- “The Sony attack…that was in like 2014. It’s 2016 now. Why is this relevant?”
- “Sony sounded like a one-time revenge attack because of that movie with James Franco and Seth Rogen . If that’s true, why would anyone other than Sony itself bother unraveling it?”
- “My organization has many feeds of threat intel, signatures, and Indicators of Compromise. So we’d be protected against this adversary by now, right?”
- “I don’t even work with malware or incident response, and fixed-width typeface makes me sleepy. What are the take-aways for the Information Security industry as a whole?”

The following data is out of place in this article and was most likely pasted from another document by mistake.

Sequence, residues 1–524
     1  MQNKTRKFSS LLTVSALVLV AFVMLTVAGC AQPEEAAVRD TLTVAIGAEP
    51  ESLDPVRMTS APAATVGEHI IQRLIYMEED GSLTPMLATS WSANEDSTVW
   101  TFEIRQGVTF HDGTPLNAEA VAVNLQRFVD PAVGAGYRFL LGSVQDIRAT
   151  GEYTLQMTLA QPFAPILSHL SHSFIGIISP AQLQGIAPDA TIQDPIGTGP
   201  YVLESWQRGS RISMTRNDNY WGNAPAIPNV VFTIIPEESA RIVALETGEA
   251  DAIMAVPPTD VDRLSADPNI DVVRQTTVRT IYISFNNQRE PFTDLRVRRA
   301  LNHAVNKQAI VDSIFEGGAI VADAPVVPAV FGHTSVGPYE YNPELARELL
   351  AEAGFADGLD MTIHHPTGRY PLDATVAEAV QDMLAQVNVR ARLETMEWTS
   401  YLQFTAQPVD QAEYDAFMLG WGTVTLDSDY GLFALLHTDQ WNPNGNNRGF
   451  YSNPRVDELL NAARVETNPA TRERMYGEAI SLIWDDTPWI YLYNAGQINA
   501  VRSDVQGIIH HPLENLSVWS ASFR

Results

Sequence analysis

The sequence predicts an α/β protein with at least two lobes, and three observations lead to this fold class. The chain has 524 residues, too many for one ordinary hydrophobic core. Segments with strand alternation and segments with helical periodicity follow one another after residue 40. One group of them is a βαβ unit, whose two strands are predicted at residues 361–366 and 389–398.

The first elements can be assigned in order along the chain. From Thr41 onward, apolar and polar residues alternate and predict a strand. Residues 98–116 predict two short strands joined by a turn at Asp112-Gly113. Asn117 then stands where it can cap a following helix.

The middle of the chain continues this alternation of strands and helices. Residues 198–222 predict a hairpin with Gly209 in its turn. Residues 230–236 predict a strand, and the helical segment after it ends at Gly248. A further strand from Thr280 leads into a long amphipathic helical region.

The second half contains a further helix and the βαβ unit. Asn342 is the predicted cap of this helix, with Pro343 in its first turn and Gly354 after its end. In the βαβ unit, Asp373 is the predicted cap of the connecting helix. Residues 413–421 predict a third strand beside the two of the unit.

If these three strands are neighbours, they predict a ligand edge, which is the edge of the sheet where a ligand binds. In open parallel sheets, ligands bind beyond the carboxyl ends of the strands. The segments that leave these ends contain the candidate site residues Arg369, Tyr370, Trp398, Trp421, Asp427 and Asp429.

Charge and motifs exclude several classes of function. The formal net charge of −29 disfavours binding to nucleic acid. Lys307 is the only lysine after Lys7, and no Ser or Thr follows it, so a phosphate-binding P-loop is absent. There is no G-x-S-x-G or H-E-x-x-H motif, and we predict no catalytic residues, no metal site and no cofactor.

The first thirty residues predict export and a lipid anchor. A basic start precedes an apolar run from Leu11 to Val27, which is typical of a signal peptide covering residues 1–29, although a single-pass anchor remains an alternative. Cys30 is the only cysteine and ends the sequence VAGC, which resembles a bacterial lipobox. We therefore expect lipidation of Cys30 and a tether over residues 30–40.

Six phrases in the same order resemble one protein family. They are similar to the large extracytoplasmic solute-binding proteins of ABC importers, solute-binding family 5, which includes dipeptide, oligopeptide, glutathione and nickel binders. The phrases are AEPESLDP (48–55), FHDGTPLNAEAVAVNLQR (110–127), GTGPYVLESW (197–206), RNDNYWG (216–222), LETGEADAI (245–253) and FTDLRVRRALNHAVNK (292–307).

“While no effort can completely halt malicious operations, Novetta believes that these efforts can help cause significant disruption and raise operating costs for adversaries, in addition to profiling groups that have relied on secrecy for much of their success.”This is really important. The coalition is doing the hard work to shine a light on this advanced adversary, slowing down their progress and forcing them to retool, making it harder for them to carry out their next attack. 5. Private industry groups can take action on adversaries We see in the report that malicious actors can be highly organized and can perform coordinated attacks. So why can’t that be true of the defenders as well? The coalition put their resources to bear on this attack in a coordinated way and was successful in revealing many of the details behind the Lazarus Group. Novetta itself feels that the combination of sharing highly technical analysis with both the public and private industry is the best way to interdict these types of actors. What did I miss? Send me a note at pvb (at) novetta (dot) com if you have more ideas about why Operation Blockbuster matters. Also, if you’re at the RSA conference this week, stop by and talk to some friendly folks at the Novetta booth #N4504.